Shifting Gears #8: Happy warriors
Too busy to ride? So’s Neal Karlinsky. But the married father of two, who’s also a national television news correspondent (you may remember his bombshell 2010 interview in which Floyd Landis admitted to having doped with Lance Armstrong), just got his first USAC race license in 25 years. He’ll be blogging here throughout the year about re-entering the race world in middle age and trying to juggle training and team obligations with work, family, and unpredictable days-long trips to cover breaking news.
Sometimes weirdness strikes where you’d never expect. “Hey, great racing with you,” I said to this big strong Team Audi guy in the closing miles of a race last weekend. We’d been part of a group silently working together, and he took a couple of monster pulls that helped a lot, so I wanted to say something before we got to the finish and started trying to crush each other’s souls again. “You too. What’s your name?” he said. “I’m Neal,” I grunt, through a dry mouth, glued together with spittle. “You?” “I’m Changren, he says. Hey, are you the Neal who writes that VeloNews column?!”
We linked up after the race, and I was amazed at the big smiling face I found under the aero helmet and shades. Changren could not have been a nicer guy, and we laughed about our high-speed encounter and talked about how hard the race had been.
Amateur bike racers are a funny bunch. A lot of egos and aggression — that I already knew from my time road racing in the 80s. I’ve seen one guy in the pack recently, screaming angrily at racers on other teams to chase or do this or that — acting like the “padrone” of the Cat 4s. My inner tween just wants to #SMH. But what I’ve learned during the races I’ve thrashed around in this year is that there are way more — by far the majority — who are just good guys. Happy warriors. Fierce, but friendly. There’s Brett, my Aussie Taco Time NW teammate who can’t stop laughing and joking no matter how brutal things get and is exactly the guy you want on your team. There’s Ryan, some badass pre-med senior at Washington State University I shared a paceline with.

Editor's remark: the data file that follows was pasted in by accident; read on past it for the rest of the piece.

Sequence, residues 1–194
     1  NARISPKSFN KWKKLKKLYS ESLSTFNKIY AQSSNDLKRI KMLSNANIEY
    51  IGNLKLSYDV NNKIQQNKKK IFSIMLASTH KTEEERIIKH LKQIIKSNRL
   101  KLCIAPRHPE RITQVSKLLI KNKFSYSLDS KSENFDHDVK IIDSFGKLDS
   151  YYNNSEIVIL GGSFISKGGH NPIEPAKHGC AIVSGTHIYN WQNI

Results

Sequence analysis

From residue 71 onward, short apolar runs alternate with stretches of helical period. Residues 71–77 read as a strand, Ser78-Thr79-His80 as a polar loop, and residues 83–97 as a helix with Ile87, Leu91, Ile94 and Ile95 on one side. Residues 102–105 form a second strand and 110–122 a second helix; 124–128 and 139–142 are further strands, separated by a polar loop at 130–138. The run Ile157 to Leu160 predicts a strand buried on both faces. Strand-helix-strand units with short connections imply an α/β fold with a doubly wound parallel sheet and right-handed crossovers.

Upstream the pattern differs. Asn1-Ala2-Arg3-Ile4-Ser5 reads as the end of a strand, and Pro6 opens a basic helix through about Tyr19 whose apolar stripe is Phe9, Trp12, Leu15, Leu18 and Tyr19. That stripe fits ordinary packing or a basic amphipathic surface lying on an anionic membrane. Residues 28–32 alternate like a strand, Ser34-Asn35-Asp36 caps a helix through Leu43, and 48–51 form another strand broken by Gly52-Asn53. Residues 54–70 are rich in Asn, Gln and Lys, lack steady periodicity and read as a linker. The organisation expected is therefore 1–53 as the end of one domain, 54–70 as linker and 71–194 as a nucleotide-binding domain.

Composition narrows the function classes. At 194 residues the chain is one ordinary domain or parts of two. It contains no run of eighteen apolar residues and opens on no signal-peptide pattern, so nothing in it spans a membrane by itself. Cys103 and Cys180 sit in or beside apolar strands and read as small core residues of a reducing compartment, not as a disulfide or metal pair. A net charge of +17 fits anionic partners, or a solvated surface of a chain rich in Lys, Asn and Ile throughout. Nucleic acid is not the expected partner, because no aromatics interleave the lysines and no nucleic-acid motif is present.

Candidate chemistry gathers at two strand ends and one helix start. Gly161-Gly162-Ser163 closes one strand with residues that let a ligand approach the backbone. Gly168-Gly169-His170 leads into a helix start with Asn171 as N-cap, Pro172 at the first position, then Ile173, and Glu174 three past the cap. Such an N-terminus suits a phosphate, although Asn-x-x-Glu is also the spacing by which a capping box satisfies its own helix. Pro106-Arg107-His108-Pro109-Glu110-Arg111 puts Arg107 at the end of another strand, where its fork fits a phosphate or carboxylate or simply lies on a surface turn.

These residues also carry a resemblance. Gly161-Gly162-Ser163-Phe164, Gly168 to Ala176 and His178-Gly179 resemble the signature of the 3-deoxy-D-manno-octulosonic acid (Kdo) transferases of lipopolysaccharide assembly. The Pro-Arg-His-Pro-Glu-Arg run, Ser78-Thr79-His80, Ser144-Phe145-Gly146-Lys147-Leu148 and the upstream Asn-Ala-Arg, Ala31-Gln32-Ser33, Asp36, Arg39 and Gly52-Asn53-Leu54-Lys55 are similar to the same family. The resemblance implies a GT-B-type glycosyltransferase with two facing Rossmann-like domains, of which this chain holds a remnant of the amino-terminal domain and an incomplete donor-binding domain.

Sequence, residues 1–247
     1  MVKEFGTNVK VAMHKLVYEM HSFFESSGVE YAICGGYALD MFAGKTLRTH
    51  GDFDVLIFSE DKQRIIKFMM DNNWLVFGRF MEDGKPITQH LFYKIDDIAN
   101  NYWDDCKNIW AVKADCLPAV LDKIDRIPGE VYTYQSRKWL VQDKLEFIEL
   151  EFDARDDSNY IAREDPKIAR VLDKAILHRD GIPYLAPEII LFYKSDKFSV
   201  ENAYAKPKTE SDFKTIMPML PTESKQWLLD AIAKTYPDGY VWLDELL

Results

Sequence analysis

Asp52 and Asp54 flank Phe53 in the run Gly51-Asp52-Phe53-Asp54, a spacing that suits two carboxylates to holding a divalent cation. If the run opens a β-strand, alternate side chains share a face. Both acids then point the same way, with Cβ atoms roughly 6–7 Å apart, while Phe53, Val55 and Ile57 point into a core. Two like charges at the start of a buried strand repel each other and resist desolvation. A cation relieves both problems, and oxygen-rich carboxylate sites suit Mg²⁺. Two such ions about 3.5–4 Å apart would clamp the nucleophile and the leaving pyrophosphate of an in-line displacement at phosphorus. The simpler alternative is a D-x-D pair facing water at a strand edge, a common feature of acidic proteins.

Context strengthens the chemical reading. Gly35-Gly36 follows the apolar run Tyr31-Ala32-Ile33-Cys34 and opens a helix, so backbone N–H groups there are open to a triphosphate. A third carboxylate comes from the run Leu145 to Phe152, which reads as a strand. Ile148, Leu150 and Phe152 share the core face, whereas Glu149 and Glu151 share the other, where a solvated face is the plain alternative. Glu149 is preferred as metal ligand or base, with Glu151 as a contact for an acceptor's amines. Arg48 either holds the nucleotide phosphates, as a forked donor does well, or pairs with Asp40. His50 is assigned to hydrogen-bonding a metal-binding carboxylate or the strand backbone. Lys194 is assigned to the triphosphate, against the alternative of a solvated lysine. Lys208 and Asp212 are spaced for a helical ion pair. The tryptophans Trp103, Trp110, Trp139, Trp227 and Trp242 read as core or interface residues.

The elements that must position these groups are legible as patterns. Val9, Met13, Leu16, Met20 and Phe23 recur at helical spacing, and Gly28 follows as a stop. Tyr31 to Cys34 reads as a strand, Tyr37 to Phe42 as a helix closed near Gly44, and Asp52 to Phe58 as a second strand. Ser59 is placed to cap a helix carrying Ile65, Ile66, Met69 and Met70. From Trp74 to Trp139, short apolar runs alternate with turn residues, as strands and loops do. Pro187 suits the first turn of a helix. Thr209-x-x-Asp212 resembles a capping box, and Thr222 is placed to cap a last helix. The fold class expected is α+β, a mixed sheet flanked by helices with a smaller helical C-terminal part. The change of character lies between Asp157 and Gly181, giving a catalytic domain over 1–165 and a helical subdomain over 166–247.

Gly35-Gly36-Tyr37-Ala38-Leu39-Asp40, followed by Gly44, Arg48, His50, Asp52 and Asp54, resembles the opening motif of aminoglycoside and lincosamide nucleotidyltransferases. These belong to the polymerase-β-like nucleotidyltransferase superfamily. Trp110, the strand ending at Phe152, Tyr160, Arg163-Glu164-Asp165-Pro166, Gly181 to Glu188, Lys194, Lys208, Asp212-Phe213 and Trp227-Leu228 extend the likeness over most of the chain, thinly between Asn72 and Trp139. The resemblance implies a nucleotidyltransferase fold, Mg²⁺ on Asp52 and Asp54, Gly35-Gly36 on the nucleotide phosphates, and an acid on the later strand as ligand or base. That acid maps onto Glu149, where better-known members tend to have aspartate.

And then, there’s Bobby.
I met Bobby in a recent race and he got under my skin in the best way. The field was shredded by a steep climb. I didn’t know who it was, but I caught a guy in front of me, who’d also been gapped. I tapped him on the shoulder as a I went by, “Come on man, get on my wheel, let’s go.” I was hoping we could work together, but he’d red-lined and was just struggling to hold his own pace — he was soon far in the distance.
After the race, I recognized him — strong build, short blond hair — he was changing out of his team kit in the parking lot and was a picture of fitness and strength. “Hey, I’m Neal. I’m the guy that tapped you to get on my wheel. Did you make it to the finish OK?” “Yeah,” he says, telling me that he never, ever DNFs, no matter what. And then, as if he’s telling me his favorite flavor of Shot Bloks, he says: “I’m Bobby, and I have early onset dementia. My wife won’t let me ride alone anymore, so when I get to a race like this, there’s no way I’m gonna stop.” Bobby, who looks to me like he’s in his mid-to-late 30s, says he’s pretty much confined to the indoor trainer at this point. His wife is afraid he’ll forget where he is while out riding, so he only rides outside with his team, which isn’t that often, and during races. There’s no amount of flat tires or mechanicals that could keep this guy from finishing a race. And there was no self pity in his voice either, as he told me his story, wiping sweat away and changing alongside his car like everyone else.
I don’t know if Bobby remembers our encounter, but I won’t forget. The guy is one tough bike racer.
My new pal, Changren is too. There was no friendly chatter as he took off just inside the 1k to go, blazing for the finish line, where he promptly went the wrong way at the last corner and got hosed out of his place at the finish. Was he angrily banging his fist? Nope, just laughing. Most of us are racing for something the officials at the finish line can’t measure.